• Thermodiamine – When describing Thermodiamine, Apidexin’s official website describes their supporting clinical study as follows, “In a recent study, (Kobayashi Y et al, 2001) when evodiamine was supplemented at 0.02% in the form of ethanol extract of Evodia fruits in a high-fat diet for 21 days, the body weight, perirenal fat weight and epididymal fat weight were found to be significantly reduced compared to the control group.” Here we go again; Apidexin advertising is misleading its customers. The study they cite here is a study conducted on rats not humans (Planta Medica, 2001 Oct;67(7):628-33.). All of these inflated claims about the effectiveness of Thermodiamine as a thermogenic compound can be tossed out the window until there is a human study that shows similar results to the rat studies.

  • Forslean – Forslean (also known as Coleus Forskohlii extract) may increase the amount of lean muscle mass your body makes, but there is no clinical evidence that supports Forslean promotes weight loss. There are two human studies that the company who patented Forselean conducted, but neither of them have been published in a reputable journal for peer review. The only study that has been published is one that concluded that Coleus Forskohlii (Forslean) “does not appear to promote weight loss but may help mitigate weight gain in overweight females with apparently no clinically significant side effects.” (Henderson S, et al. Journal of the International Society of Sports Nutrition. 2005 Dec 9;2:54-62.) So far, Forslean doesn’t look very promising as a weight loss product.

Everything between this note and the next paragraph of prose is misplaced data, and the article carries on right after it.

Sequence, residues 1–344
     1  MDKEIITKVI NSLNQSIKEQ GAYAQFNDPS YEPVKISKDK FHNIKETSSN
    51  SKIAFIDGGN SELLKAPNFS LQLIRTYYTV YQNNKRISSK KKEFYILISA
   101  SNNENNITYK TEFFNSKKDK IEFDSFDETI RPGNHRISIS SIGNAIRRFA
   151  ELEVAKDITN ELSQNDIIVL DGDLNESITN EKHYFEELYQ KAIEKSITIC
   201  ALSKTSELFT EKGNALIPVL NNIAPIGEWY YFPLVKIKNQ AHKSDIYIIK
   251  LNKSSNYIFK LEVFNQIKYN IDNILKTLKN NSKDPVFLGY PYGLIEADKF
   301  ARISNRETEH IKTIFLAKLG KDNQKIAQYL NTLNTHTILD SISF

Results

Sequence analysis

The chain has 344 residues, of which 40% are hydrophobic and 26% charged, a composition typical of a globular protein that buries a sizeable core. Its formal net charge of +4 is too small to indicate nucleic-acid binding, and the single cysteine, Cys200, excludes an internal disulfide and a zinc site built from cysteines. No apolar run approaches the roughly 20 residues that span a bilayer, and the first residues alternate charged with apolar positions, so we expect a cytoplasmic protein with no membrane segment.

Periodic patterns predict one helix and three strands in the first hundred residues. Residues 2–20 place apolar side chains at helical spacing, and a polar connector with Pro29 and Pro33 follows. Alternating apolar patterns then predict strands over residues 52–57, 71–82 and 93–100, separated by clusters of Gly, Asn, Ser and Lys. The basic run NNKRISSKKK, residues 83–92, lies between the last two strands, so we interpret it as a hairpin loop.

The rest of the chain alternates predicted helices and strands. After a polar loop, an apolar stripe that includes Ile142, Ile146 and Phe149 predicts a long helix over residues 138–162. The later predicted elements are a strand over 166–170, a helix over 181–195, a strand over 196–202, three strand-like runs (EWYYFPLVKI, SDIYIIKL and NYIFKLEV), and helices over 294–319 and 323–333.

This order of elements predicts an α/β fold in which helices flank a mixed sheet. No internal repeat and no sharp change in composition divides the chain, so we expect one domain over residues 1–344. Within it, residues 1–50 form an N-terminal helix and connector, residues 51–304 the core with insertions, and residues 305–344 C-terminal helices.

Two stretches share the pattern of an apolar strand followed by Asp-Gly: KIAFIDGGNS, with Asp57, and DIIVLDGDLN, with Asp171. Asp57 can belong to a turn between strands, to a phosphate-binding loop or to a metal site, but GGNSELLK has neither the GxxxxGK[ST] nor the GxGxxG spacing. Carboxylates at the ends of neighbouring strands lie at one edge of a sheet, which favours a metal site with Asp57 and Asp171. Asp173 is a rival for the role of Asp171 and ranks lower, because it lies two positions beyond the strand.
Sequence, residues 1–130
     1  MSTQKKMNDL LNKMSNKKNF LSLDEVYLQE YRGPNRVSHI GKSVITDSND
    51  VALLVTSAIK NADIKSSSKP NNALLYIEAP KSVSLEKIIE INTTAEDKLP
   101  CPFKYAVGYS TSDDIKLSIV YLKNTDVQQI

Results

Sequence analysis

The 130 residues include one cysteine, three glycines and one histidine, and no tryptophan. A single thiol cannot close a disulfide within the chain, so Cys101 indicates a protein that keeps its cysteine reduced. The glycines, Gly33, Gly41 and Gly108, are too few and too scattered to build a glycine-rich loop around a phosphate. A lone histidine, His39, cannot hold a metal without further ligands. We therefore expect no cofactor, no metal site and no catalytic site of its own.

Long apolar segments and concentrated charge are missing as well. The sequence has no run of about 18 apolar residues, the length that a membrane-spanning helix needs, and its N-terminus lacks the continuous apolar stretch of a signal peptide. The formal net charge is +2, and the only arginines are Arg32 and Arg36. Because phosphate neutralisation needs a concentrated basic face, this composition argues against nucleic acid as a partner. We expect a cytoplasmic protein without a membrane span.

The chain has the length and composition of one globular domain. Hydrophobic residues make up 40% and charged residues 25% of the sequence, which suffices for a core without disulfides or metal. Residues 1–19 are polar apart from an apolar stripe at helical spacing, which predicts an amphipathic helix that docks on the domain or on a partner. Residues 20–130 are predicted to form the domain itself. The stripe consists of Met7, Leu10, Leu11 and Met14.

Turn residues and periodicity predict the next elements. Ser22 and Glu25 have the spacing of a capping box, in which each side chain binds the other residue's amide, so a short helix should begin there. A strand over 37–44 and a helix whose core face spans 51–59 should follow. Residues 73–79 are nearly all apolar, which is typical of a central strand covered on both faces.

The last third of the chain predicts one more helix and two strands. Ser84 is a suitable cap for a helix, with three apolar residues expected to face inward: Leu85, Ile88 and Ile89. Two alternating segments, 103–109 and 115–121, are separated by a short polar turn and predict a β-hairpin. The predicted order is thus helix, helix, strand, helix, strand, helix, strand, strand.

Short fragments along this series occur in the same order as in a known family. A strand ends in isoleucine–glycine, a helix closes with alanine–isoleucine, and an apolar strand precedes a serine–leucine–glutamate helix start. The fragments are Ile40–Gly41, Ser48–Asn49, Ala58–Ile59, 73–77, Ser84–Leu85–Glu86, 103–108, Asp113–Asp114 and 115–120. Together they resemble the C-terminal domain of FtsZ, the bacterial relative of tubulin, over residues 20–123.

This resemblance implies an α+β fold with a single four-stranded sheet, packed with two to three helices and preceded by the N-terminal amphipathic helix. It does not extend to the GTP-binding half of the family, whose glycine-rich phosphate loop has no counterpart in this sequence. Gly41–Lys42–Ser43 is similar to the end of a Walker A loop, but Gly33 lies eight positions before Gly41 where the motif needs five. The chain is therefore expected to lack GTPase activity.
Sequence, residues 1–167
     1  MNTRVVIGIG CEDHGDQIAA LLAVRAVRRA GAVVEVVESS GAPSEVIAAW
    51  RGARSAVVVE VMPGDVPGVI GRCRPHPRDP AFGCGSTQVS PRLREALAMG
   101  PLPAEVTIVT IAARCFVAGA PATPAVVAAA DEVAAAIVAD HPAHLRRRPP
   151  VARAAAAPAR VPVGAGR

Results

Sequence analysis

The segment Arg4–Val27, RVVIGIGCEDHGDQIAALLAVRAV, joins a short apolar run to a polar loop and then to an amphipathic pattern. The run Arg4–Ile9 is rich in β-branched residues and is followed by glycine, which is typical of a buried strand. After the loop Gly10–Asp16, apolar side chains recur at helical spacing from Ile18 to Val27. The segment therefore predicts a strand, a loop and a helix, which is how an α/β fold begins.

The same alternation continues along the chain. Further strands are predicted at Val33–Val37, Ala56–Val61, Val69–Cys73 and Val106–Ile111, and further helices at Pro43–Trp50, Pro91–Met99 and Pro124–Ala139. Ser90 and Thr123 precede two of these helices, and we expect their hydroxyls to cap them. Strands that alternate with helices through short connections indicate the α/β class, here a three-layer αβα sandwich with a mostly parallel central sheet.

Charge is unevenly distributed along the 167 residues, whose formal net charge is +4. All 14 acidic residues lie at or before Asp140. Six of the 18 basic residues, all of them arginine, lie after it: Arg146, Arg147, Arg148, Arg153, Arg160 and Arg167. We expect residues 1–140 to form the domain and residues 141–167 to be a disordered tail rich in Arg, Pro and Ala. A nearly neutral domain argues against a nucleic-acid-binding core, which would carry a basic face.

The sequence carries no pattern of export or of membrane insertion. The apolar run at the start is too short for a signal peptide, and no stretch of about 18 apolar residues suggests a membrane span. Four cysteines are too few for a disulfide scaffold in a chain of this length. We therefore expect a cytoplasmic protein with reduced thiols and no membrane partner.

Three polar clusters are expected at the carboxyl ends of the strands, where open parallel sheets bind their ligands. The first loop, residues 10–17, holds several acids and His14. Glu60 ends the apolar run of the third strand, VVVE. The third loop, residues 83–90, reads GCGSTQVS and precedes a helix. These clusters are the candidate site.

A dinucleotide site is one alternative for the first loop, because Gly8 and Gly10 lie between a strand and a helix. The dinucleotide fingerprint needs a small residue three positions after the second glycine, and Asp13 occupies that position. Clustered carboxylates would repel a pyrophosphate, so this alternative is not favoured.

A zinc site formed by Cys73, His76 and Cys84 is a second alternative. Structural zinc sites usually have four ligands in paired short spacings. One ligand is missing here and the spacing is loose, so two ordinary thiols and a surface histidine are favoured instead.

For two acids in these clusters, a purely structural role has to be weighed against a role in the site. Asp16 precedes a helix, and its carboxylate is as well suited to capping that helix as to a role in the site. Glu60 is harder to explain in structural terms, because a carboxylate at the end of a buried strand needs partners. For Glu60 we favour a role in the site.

• Lipolide-SC – Lipolide-SC, also known as Sclareolide is a compound found in Clary Sage, Salvia sclarea. Despite the very technical description about how Lipolide-SC enhances cAMP (cyclic adenosine monophosphate) there is no clinical evidence that supports that Lipolide-SC will aid weight loss.

  • Infinergy DiCaffeine Malate - DiCaffeine Malate is simply caffeine combined with malic acid. There is evidence that supports caffeine has thermogenic abilities, but research supporting malic acid’s abilities is grossly lacking. Despite the fancy name, Infinergy DiCaffeine Malate is nothing more than a caffeine supplement and it should go without saying that it is NOTHING like ephedra.

  • Bioperine – There have been some studies that support Bioperine (piperine) enhances the bioavailability of a number of therapeutic drugs. Whether it works for the ingredients in Apidexin is unknown.

Apidexin and Weight Loss – Do Apidexin Diet Pills Work?

Apidexin is comprised of ingredients that have very weak evidence they promote weight loss in humans, however if you are a fat rodent then you will have a much better chance of losing weight with this product. At $49.95 for a one month supply, Apidexin isn’t as expensive as other diet pills out there, but just because it’s cheaper doesn’t mean you should buy it. Until there are some human studies that support Apidexin’s claims of weight loss, I wouldn’t even spend a cent on this diet pill.